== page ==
Tonight I am thinking about the time I first heard Whitney Houston's voice. Unlike any other I'd heard, the facile range she possessed and the ability to transition from one note to another like water running over stones in a riverbed; could that woman sing!
Rare talent like hers astonishes those of us who listen and can only marvel. Some singers are so good that they make you feel like you can sing too. But then there are those rare gifted singers who are so far above us they seem like they were sent from Heaven. And so we stop what we're doing and just take it in. We don't even try to sing along.
That was Whitney Houston. I remember where I was when I first heard that voice. Do you? It's ironic that one of her fist songs started "I believe the children are our future" (The Greatest Love of All) because it's also one of the slogans I noticed at a conference I attended today.
I spent the day at the Texas Association for the Gifted and Talented convention for parents of gifted kids.
My 9-year-old is a gift to me because he is unique. Thinking I would learn about how to make sense of some of the differences and challenges to raising a gifted child, I came away from the day realizing (again) how special everyone is – not just those with a certain IQ or sensitivity or creative ability.
One speaker I particularly liked, Patricia Gatto, specialized in families. She spoke to us parents not in the usual way, as people responsible for the care of children; but as important co-creators of very special lives. She reminded me that regardless of the giftedness of your child, we all function together bearing our unique abilities and gifts. She emphasized how great our influence is on our gifted children.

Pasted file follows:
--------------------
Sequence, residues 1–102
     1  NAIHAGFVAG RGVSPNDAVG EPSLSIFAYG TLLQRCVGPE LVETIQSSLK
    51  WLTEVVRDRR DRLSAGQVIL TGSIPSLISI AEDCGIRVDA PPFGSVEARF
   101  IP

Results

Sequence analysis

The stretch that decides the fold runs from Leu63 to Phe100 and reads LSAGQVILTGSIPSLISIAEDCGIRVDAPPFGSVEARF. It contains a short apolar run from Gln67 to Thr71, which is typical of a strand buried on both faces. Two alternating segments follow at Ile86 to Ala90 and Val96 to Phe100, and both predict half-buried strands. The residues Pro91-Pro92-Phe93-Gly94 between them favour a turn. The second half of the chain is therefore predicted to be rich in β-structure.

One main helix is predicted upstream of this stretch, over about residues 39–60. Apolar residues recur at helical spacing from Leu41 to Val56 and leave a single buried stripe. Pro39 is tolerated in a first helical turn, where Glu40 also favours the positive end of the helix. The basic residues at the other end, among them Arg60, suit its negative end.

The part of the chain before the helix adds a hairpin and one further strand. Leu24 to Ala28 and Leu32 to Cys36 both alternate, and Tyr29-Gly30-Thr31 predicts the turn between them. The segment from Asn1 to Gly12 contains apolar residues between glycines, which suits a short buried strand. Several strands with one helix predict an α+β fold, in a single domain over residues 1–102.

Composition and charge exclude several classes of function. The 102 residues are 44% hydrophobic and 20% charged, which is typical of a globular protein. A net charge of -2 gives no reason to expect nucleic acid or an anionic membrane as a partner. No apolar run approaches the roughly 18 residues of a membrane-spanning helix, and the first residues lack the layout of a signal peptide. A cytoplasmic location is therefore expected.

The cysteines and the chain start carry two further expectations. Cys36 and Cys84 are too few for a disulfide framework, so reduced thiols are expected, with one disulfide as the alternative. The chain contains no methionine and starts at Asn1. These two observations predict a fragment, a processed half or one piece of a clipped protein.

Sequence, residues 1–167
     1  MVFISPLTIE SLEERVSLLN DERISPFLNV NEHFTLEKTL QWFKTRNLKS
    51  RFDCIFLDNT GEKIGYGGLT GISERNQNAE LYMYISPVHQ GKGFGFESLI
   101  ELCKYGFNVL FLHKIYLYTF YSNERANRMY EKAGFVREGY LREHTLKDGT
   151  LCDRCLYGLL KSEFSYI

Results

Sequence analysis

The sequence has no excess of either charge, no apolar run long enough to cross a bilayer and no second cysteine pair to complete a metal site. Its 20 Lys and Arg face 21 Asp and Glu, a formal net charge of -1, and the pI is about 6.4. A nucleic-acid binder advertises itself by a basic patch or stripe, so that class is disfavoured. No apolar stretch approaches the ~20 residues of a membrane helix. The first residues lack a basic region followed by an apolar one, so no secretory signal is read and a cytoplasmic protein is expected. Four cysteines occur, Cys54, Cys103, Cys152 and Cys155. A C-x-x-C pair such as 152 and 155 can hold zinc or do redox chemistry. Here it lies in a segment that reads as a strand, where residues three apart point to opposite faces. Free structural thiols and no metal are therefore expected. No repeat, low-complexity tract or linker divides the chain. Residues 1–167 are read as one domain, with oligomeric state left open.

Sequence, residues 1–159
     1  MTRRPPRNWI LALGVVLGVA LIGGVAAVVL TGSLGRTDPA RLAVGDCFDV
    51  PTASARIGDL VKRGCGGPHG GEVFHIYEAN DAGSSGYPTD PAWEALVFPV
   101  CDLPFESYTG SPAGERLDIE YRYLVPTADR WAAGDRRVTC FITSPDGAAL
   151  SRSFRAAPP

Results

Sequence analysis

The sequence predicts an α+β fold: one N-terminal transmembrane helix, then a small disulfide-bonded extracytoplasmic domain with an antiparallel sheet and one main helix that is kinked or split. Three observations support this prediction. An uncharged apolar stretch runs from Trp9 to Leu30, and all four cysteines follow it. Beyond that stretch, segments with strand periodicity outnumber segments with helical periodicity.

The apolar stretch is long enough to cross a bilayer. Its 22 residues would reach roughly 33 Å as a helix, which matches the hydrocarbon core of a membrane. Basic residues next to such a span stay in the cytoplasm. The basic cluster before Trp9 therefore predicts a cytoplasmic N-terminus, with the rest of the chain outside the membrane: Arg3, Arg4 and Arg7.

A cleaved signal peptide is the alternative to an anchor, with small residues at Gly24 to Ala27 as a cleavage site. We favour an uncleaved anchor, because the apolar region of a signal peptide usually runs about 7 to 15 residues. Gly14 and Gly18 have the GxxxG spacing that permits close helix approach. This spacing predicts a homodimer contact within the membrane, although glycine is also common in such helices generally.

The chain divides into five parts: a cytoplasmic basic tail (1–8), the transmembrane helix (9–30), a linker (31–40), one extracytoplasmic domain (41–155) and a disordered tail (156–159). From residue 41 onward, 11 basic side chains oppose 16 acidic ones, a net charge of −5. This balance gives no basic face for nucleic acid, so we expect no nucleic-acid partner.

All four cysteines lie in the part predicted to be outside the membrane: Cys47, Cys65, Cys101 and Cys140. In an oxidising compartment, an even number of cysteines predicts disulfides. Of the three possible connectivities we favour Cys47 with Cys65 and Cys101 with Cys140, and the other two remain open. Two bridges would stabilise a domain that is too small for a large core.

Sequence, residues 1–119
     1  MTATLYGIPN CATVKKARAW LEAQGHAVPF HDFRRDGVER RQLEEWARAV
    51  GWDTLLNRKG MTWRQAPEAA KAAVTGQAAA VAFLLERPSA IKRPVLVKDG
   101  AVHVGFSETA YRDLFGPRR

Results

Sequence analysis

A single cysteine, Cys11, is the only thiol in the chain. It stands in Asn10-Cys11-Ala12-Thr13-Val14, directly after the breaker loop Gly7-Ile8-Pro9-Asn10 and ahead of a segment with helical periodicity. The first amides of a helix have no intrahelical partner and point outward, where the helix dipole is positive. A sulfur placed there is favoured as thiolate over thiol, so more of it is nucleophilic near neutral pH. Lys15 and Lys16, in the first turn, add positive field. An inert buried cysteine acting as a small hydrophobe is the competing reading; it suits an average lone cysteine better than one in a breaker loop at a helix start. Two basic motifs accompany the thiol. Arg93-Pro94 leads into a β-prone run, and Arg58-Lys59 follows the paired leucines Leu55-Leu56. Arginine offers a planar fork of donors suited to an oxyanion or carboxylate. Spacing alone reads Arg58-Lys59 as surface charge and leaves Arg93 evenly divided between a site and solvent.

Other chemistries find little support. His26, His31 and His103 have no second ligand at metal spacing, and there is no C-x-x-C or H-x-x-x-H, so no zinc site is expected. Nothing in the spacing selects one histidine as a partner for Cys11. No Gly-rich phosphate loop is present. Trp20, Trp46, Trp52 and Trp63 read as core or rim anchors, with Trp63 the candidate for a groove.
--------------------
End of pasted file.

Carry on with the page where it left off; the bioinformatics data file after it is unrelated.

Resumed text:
When you think about it, our interactions with each other are brief life-affirming moments that compound to create something wonderful. Or they are small nudges toward destruction.
That seems especially true with gifted people, who tend to be more sensitive than the rest of us. Just ask the parents of gifted kids.
The destruction of someone whose talent is shockingly apparent and public, touches our lives in a similar way. In some way I wonder what small act of kindness or gentle touch could have ultimately saved Whitney Houston.
Like the butterfly whose wing brushes a plant on the other side of the world and affects the weather, I wonder if it was an omission on the part of the people around her, or her adoring fans, or maybe some other individual. Maybe she was her own worst critic — another characteristic of gifted people.
Perhaps the world in general was just too fierce for her. Everyone said she had an "angelic' voice. Maybe God just wanted her closer to Him and she made some sort of unconscious choice herself to go to Him. Who knows?
All I know is despair is the end of every story.
But Whitney's legacy, when I listen, isn't one of despair. Her voice lifts me up; always will. When I listen, her voice will always be her – and God's — gift to us.
Let her life be a reminder to build up every life we touch, and to be gentle with the gifts of others.